Hazelnut bushes are lovely deciduous shrubs that are indigenous to Europe and Asia. They are part of the Corylus genus and can grow anywhere from 1.8 to 10 meters in height, depending on the type. These speedy growers usually have a lifespan of 20 to 40 years.

Their yellow catkins (flowers), circular or oval-shaped leaves, and delectable nuts encased in a husk that divides upon maturation are all characteristics of these bushes. The nuts are widely used as food, while the wood is employed in making furniture and baskets. Hazelnut bushes thrive in moderate weather and well-drained soil, and are commonly cultivated in Turkey, Italy, and the United States.

Benefits and usage

Hazelnuts are a good source of protein, healthy fats, and various vitamins and minerals, including vitamin E, magnesium, and potassium. They are also a popular ingredient in many sweet and savoury dishes, such as chocolate spread, cakes, and roasted and salted snacks. They are also used to make oil, which is used in cooking and cosmetics.

Hazelnut bushes in Finland

The obvious questions would be: do Hazelnut bushes grow in Finland. My answer is: depends. I have seen big bushes / trees in the south of Finland but I have seen none above Tampere. Doesn’t mean that there aren’t any. From my perspective it depends on the Finnish climate zone. Here at Beyond Buckthorns we are at zone 2, while for example Helsinki is Zone 1. Most cultivars will tolerate -20°C, which we get in zone 2, but probably won’t survive more than -35°C. But I have no data about it. Since some of the nurseries are selling hazelnut cultivars and the common sense is that hazelnuts will grow in Finland, there should be no doubt about at least trying it out. 

Finding the right spot for hazelnut trees

Slope or not slope?

On our path of observation I came across several spots where I thought hazelnuts can be placed. During a visit in Karjalohja Joel Rosenberg told me that nuts prefer a slope. From my years of observation in Germany, where there a so many hazel- and walnut trees, I couldn’t confirm his findings. Actually a lot of high yielding trees are on a plain surface and even within big cities. There are often stand alone trees which have no companion and those trees fruit very well. I brought hundreds of nuts from different varieties with me.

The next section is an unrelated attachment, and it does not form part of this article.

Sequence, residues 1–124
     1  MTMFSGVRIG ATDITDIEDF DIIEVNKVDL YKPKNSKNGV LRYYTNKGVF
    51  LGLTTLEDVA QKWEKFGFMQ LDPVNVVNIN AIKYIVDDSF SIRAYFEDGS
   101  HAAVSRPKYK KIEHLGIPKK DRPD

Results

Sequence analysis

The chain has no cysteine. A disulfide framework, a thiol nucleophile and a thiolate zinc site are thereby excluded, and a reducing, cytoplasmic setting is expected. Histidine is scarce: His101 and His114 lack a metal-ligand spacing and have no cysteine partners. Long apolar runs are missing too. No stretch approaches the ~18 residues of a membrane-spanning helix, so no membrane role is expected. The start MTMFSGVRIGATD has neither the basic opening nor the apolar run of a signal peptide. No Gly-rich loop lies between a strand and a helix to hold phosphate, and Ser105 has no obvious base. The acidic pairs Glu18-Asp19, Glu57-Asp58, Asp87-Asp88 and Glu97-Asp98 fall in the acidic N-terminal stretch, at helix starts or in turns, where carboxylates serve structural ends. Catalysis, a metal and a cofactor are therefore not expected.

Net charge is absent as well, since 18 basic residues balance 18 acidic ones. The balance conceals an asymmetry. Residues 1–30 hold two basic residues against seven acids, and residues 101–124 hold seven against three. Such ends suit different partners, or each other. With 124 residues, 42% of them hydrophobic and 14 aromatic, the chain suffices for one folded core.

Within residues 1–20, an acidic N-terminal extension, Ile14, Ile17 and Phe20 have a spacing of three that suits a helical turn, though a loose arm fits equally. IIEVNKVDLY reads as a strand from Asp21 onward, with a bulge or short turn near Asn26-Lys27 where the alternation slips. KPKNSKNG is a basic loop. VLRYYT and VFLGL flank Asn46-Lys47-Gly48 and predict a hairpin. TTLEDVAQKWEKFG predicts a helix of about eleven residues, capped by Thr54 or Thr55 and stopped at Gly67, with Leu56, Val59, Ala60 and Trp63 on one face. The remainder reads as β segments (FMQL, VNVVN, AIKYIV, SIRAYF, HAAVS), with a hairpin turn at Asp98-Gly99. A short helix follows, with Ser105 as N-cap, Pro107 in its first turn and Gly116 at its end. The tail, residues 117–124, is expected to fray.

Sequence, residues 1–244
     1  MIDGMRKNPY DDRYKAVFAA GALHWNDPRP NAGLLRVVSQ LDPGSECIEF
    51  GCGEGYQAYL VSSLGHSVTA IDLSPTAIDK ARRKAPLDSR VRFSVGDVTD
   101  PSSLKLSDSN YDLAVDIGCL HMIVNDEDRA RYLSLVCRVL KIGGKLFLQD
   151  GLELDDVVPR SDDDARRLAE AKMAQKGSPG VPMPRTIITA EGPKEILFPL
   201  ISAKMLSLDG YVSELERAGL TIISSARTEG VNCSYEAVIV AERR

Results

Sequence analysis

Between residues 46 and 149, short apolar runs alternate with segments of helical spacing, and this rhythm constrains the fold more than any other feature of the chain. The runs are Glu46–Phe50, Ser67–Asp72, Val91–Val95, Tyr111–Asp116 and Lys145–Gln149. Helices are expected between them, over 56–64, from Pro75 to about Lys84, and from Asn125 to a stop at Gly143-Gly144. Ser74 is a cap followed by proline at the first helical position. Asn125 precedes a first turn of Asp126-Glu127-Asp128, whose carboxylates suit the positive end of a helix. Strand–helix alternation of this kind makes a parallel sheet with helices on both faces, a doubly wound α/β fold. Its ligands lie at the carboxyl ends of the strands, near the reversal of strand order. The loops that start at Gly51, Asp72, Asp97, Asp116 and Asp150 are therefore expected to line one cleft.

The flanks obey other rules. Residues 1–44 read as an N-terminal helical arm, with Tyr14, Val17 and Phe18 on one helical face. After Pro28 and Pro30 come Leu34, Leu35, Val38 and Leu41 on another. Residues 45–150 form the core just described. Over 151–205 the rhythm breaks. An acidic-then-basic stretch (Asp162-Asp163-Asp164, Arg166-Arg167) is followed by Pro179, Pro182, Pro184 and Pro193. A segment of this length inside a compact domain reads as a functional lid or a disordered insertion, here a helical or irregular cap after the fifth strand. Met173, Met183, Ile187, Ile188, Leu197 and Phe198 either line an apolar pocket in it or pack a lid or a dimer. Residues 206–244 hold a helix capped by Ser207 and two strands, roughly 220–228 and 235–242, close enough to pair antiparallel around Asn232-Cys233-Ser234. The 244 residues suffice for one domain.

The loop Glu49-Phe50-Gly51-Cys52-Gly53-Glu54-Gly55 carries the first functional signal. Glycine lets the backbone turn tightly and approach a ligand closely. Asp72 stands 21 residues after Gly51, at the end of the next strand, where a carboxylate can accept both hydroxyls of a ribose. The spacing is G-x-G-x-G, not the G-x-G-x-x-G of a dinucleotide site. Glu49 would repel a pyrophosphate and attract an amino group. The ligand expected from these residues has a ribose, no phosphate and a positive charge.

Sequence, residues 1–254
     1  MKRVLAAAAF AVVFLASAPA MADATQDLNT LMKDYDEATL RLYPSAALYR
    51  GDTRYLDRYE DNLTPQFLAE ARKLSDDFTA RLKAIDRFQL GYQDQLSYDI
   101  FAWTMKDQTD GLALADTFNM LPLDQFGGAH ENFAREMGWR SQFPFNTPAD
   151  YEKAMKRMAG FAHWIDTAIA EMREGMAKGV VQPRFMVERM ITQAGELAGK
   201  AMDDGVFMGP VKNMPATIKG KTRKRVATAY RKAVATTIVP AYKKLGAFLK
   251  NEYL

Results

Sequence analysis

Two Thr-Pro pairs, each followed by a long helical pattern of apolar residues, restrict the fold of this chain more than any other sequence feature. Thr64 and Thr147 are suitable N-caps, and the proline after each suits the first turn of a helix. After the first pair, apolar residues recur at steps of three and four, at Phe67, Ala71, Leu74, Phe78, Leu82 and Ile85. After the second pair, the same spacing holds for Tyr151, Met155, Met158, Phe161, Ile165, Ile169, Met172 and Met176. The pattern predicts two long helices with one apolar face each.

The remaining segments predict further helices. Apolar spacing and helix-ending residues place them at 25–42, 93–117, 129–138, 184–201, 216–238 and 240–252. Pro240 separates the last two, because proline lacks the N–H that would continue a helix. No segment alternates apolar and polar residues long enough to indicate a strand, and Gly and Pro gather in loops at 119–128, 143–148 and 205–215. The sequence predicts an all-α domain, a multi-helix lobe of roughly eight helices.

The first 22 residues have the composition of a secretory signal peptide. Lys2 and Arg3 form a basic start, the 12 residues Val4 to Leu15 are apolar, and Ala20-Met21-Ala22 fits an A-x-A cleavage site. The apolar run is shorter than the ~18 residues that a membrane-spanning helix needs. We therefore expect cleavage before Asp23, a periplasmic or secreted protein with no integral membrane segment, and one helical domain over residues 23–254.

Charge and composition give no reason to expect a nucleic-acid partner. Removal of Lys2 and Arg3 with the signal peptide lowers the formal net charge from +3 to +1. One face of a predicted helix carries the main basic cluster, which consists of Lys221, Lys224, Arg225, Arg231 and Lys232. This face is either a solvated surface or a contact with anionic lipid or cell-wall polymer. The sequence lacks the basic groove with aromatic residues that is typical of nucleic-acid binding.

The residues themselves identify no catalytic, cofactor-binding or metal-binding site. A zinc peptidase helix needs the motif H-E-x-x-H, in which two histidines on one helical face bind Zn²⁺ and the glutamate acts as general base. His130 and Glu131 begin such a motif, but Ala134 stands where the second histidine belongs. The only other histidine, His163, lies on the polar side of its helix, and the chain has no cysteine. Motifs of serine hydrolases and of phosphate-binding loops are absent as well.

It may indeed not be about the slope but about the well drained soil. Most of the time a slope is automatically drained because the water flows down by gravity. Hazelnuts grow best in well-drained soil. They prefer soils that are fertile and moist, but not waterlogged – little bit like sea buckthorns. Hazelnuts are not very tolerant of drought and are susceptible to root rot if the soil is too wet. 

Loving the sun

At Beyond Buckthorns we have a lot of edges due to the shape of our forest (see the map). Some edges are even south facing and by that yield a high amount of sun hours. Hazelnuts need a moderate amount of sunlight and can grow in partial shade, but will produce fewer nuts.

Possible permaculture Zones

Hazels don’t need a lot of attention. There are entire forest of native hazelnut trees existing in Finland. They just grow. 

Hazelnuts benefit from regular pruning to maintain shape and remove dead or diseased wood. They are also susceptible to a number of pests and diseases, for example the nut weevil. It is therefor important to monitor the trees regularly and take appropriate action if any issues arise.

Hazelnut trees more or less fall into the category of Zone 2 to 4. I don’t have to spend a lot of time there. Probably only in the first year nervously checking on my precious hazels. 

I could place some nice hazel somewhere around the main garden at Zone 2, while the majority could go on the edge of the forest, mainly Zone 3 and 4. 

Selecting hazelnut tree cultivars / varieties

In Finland there are several cultivars available. There are even some cultivar trials around in Finland. I yet haven’t had the time to look closer into them.

What I usually do is: 

  • I go to Germany, find a high yielding hazelnut tree and then collect the nuts – lots of them – and then plant them, either right on the final destination or in a bucket.
  • I also buy young 1-3 year old saplings from different nurseries.
  • From time to time I also exchange saplings with other permaculture homesteads. 

Variety is key – and also the marginal. I haven't gone into grafting yet.

Hazelnuts at Beyond Buckthorns

At Beyond Buckthorns we mainly have

Corylus avellana3Zone 4
Corylus avellana4Zone 2
Corylus avellana – Hallesche Riesennus2Zone 2
Corylus maxima1Zone 2
Corylus colurna (Haselnut tree)2Zone 3

And of course we planted a lot of nuts from trees we didn’t fully know what cultivar they were. I guess that over the next 10 years we will have more than hundred plants all over our place.